As a new parent, still finding my way, I’m drawn to stories from other parents. I think I am looking for some commonality in our experience. I want to read stories that make me think, “That’s how I feel, too!” I also want to read stories that might enlighten me to a different way of understanding my child and motherhood.
Mei-Ling Hopgood’s new book, How Eskimos Keep Their Babies Warm, is full of these types of stories. On the surface, this book is about cultural differences in parenting practices around the world. But by the end of the book, I was left with a feeling of kinship with parents around the world. I might have gleaned a few new parenting ideas from this book, but more importantly, it broadened my perspective of the many wonderfully different ways to raise a child.
I first heard of this book through a cool blog I discovered recently, Ms. Mary Mack. Created by the fabulous Nicole Blades, Ms. Mary Mack “takes an anthropological approach to motherhood.” A couple of months ago, Ms. Mary Mack hosted an interview with Mei-Ling Hopgood about what she learned from writing the book. I was intrigued and actually won a copy of her book through that post. Lucky me! I enjoyed this book so much that I wanted to review it myself and share it with you. (Nicole and I have also talked about exchanging guest posts, so stay tuned for more from her. In the meantime, definitely check out her blog, especially her Global Mamas series if you want to hear more cross-cultural parenting stories.)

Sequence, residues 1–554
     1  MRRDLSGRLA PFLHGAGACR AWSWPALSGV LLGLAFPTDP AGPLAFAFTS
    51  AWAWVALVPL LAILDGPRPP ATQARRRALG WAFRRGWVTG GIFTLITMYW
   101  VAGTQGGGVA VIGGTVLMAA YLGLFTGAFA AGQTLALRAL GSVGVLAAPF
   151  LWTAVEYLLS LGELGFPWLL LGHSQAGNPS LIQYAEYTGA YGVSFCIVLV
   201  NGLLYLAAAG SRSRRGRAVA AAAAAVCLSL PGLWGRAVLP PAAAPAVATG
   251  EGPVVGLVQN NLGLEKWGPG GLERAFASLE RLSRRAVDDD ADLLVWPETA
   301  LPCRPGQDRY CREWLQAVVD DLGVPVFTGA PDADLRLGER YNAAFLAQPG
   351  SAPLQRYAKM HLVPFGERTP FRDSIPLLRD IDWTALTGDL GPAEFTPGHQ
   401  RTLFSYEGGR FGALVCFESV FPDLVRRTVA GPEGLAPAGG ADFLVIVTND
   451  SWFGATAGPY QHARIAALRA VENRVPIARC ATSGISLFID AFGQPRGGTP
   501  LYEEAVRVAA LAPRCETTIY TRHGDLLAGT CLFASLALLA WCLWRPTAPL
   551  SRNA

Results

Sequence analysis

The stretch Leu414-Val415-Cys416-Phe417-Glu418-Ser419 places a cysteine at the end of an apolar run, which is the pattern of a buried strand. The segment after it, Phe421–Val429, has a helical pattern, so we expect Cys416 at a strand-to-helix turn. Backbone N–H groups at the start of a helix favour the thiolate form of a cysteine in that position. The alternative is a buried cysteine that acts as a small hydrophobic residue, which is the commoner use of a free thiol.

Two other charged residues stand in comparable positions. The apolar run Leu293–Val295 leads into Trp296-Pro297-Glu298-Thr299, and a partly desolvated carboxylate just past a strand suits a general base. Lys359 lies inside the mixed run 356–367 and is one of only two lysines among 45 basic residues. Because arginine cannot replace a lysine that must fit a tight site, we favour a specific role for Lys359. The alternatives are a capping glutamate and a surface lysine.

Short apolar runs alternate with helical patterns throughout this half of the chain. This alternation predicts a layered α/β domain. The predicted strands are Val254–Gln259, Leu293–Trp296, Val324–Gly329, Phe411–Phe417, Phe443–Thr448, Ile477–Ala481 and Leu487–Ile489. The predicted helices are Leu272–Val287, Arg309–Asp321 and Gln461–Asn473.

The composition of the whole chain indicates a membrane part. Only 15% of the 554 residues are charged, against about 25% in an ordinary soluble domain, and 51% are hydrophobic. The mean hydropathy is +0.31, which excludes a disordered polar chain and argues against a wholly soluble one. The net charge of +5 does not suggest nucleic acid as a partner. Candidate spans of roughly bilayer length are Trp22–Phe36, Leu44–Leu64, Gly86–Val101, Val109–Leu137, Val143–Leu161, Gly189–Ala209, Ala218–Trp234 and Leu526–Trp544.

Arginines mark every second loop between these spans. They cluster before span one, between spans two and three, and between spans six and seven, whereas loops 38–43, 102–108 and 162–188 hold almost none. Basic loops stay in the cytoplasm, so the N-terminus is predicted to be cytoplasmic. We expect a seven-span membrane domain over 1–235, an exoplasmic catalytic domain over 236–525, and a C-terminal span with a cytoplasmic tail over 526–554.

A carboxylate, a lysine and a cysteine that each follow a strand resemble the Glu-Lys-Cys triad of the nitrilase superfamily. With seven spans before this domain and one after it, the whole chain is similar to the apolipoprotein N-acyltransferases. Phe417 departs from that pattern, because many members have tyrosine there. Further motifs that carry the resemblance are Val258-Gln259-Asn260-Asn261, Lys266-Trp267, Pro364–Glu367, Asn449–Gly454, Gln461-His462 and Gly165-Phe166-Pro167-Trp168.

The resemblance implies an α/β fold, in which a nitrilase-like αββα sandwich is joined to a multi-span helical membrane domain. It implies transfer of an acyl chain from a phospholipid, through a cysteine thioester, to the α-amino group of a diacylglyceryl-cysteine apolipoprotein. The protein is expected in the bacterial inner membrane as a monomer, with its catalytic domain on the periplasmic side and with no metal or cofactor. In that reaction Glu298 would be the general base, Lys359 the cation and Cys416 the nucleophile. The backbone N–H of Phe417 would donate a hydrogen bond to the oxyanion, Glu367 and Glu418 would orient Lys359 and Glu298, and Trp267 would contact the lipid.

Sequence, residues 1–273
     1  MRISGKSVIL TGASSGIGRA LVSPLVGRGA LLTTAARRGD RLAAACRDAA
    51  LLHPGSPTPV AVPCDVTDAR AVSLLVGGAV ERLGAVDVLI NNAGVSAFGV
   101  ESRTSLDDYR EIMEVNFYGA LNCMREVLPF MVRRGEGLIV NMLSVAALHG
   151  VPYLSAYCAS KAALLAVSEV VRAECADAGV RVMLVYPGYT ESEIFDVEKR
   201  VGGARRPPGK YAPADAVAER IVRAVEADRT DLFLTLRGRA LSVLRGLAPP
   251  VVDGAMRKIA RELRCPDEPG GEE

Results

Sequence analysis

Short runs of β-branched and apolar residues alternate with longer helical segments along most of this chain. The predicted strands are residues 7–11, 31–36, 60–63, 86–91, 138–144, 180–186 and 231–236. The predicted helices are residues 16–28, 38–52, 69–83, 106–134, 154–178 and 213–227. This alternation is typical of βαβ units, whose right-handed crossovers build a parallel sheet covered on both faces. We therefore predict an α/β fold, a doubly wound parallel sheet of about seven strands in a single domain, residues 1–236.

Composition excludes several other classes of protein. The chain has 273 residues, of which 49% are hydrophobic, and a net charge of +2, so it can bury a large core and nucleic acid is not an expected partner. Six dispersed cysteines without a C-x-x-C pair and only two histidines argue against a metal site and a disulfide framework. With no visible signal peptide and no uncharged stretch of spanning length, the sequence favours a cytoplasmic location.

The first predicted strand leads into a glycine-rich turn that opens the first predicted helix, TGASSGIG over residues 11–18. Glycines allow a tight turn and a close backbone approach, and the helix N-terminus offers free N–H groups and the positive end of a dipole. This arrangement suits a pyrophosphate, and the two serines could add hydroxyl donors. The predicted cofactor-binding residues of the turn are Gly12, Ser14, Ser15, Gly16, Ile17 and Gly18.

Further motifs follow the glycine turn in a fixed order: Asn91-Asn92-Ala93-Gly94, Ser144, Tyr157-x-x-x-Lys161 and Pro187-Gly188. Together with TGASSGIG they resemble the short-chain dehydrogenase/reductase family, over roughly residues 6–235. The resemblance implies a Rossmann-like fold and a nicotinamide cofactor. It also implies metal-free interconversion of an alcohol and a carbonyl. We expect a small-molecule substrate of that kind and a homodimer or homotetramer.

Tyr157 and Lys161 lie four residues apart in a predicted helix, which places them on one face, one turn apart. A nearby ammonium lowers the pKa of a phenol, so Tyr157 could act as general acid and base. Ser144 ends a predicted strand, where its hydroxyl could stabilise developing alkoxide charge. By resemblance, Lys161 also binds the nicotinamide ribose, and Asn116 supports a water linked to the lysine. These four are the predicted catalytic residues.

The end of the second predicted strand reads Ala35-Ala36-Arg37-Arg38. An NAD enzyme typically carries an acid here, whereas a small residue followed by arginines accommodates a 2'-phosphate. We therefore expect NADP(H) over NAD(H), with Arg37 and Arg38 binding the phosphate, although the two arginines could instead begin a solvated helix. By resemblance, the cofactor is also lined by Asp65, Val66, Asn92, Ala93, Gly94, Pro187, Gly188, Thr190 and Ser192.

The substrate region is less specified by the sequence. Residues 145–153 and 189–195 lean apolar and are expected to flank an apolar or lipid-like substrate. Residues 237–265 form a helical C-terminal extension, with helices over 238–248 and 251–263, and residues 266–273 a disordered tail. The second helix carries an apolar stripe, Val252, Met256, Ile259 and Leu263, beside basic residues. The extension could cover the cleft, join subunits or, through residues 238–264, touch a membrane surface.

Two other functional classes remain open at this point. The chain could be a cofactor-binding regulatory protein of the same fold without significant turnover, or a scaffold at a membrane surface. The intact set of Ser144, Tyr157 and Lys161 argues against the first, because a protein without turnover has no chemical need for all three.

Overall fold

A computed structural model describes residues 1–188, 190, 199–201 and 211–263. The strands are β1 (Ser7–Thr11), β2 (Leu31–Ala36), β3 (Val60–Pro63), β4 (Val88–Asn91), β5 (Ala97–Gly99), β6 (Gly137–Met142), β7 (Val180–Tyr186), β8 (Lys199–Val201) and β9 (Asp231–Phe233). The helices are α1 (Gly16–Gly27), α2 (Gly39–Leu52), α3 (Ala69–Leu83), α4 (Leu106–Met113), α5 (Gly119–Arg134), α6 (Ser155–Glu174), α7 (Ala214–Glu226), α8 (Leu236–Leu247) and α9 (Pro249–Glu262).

How Eskimos Keep Their Babies Warm is Hopgood’s exploration of parenting practices from around the globe. Continue reading